Lewis Carol

The struggle

I have a confession to make- I struggled with correctly spelling the word ‘Resiliency’ (twice). But, I paused, thought about it, course corrected, and moved on. I believe we are constantly being tested and our resiliency will make us or break us, in life and in music making. By the way, I am happy to report that by the third time I wrote the word ‘resiliency’, I had no troubles.

At the turn of the new year, I was *so* pumped to roll into 2020 like never before. I could not wait to see what this year has in store. I don’t know if it’s the start of a new decade, or simply that it is the year 2020 (how cool is that!?). I mean, how lucky are we to get to witness a year that functions as an expression and as an eyesight prescription! The number 2020 has so many meanings, and is so perfectly patterned. In 2020, I have multiple presentations for piano teachers scheduled, a family trip to Mexico, concerts of my original music booked, my album launch, local concerts performing in musicals, dance performances in Miami and Chicago choreographed to my original music, a yoga retreat in Hawaii with my lifelong bestie, family visits, and the list goes on. What could be better?

But! Within the first week of 2020, I have been hit with some very minor whammies. Within one week, the School of Rock musical I was scheduled to play for weeks in May did not get its’ rights approved, so it’s a no-go. Then, the director from the theater in the park show I was excited to play for this summer told me she would find someone else for various reasons, after I may or may not have changed my San Francisco solo concert that fell on the same weekend, and now the venue is completely booked in 2020. Yikes. Sadly, the church I adored playing for once a month last year suddenly doesn’t need me until April. My beloved long time student who is pure joy to work with decided she is taking a break until spring (hopefully), and the list continues. The biggest whammy came when I blocked out my schedule for three months after being hired for a very exciting musical theater production in town. I was excited to play that particular music, to work with the fun new director, and most importantly, to feel personally and musically connected in my new community. Out of nowhere, the gig was offered to someone else. I think you get the point….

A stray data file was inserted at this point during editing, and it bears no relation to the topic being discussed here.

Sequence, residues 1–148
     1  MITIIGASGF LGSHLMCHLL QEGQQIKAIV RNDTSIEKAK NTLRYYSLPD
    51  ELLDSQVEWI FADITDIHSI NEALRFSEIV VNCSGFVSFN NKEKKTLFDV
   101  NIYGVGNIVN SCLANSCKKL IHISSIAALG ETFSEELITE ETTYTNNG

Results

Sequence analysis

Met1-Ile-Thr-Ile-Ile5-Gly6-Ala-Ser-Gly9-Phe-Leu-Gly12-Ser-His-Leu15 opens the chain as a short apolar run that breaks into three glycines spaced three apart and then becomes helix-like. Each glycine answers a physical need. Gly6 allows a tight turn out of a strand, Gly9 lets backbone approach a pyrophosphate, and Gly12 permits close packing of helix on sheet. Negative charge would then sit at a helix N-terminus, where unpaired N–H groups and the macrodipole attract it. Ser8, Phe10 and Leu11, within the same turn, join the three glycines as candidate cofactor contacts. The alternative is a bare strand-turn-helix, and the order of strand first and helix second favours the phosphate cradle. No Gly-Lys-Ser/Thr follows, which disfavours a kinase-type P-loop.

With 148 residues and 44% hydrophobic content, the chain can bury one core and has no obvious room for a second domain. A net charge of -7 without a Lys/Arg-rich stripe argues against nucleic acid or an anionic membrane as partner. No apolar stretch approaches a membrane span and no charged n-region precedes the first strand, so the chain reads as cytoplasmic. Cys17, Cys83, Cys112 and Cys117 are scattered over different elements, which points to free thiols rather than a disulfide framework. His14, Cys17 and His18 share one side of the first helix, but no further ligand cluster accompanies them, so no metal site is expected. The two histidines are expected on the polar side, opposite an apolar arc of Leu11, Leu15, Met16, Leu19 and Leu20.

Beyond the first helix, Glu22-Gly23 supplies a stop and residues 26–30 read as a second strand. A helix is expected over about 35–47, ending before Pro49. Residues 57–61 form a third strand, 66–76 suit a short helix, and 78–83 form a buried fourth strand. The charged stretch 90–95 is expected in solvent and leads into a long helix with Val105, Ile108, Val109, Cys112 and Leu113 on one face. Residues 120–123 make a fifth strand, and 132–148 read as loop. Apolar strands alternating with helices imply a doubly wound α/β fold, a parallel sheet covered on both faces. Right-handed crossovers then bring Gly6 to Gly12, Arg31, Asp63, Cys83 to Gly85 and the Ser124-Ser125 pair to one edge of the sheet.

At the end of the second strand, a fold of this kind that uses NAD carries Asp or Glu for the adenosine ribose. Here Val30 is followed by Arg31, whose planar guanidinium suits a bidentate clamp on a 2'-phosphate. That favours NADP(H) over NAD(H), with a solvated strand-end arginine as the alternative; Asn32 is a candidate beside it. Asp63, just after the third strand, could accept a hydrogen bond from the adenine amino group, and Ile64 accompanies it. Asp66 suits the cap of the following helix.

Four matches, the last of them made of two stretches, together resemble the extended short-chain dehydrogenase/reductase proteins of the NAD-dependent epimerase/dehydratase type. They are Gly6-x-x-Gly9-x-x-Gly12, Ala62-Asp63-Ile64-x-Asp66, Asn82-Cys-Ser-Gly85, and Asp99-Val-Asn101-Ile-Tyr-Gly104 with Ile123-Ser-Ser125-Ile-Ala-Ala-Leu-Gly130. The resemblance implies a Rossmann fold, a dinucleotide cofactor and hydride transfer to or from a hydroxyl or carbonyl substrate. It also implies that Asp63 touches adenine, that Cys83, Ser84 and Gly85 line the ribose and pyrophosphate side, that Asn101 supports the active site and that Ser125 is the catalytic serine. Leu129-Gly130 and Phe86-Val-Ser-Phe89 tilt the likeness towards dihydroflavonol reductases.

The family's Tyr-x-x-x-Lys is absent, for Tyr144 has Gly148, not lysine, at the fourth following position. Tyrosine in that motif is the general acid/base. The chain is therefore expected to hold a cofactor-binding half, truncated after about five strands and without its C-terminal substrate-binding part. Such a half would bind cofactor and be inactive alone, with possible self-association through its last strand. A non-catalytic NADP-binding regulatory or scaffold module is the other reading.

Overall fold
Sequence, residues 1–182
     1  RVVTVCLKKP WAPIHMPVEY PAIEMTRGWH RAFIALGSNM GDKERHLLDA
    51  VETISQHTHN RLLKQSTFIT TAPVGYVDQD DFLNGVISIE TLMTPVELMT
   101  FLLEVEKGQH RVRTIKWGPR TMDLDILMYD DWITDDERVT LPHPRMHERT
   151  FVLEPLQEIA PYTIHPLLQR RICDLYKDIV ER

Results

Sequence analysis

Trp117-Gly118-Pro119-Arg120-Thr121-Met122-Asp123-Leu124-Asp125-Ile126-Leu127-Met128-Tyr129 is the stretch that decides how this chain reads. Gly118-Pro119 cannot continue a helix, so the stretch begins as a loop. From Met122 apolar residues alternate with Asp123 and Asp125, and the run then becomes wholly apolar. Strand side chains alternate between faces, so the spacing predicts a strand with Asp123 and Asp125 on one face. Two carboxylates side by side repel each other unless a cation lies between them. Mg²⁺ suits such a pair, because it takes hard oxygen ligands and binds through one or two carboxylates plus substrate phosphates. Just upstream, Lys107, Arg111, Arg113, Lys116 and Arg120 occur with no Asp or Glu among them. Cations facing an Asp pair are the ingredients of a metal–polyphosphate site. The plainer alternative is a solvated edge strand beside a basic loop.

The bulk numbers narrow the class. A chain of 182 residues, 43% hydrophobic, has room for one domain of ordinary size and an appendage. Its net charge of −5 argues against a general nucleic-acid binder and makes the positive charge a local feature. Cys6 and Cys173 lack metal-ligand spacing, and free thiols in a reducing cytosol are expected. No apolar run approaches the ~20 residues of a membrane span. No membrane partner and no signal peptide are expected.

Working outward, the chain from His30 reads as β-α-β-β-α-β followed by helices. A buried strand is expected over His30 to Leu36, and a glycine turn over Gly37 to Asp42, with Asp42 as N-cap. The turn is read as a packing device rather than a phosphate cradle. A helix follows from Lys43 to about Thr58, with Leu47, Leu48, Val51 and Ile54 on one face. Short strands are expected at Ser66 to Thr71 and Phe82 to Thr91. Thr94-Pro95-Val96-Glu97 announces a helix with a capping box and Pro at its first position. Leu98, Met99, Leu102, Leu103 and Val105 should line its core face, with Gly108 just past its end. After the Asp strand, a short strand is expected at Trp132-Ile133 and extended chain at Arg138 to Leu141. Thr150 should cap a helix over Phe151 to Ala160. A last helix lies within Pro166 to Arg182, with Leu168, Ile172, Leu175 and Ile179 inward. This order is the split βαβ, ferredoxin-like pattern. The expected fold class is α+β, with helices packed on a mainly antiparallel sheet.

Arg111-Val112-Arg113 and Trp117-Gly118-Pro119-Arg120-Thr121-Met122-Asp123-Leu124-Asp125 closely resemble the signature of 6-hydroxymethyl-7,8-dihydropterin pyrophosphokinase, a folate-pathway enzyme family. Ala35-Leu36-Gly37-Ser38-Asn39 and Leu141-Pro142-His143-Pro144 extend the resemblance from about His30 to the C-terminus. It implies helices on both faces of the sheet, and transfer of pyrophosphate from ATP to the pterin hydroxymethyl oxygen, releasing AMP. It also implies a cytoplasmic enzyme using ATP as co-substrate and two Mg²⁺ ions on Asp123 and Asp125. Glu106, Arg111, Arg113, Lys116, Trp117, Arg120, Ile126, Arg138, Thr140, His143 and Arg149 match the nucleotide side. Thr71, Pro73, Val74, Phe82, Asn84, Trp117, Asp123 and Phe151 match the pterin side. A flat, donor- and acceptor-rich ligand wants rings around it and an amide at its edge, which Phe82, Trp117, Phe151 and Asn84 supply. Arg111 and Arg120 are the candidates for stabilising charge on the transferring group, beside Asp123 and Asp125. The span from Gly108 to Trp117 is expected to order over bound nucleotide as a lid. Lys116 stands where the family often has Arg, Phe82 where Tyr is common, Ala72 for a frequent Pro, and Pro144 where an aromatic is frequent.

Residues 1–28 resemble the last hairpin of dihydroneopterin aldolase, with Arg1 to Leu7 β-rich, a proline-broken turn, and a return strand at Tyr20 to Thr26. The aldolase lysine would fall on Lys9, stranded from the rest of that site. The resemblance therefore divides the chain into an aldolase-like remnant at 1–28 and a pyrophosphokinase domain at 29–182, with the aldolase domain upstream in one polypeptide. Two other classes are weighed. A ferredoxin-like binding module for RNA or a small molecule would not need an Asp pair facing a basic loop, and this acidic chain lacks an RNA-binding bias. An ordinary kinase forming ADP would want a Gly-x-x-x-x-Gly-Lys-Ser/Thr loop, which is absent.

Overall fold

The perspective

Each of these tiny tidbits of bad news feels like a little punch in the gut. I sit with the uncomfortable sensations in my body. I say to myself that these opportunities were not meant for me. I try to move forward with as much grace and humility as I can muster. I realize these are not life altering events. The international piano teaching community has been hit very hard with life changing events in the last few months and my heart aches for some inspiring teachers around the globe. This story is completely unrelated and simply shines a light on coping with mild set backs, not life altering traumatic events.